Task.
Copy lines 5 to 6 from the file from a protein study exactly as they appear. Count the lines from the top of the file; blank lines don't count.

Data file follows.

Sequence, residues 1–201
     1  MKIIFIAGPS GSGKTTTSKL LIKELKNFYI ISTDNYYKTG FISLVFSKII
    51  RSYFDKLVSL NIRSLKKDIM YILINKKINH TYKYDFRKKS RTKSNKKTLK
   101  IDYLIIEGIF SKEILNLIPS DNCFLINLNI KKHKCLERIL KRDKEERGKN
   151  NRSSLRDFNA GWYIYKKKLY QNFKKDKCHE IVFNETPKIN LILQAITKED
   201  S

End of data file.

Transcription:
   151  NRSSLRDFNA GWYIYKKKLY QNFKKDKCHE IVFNETPKIN LILQAITKED
   201  S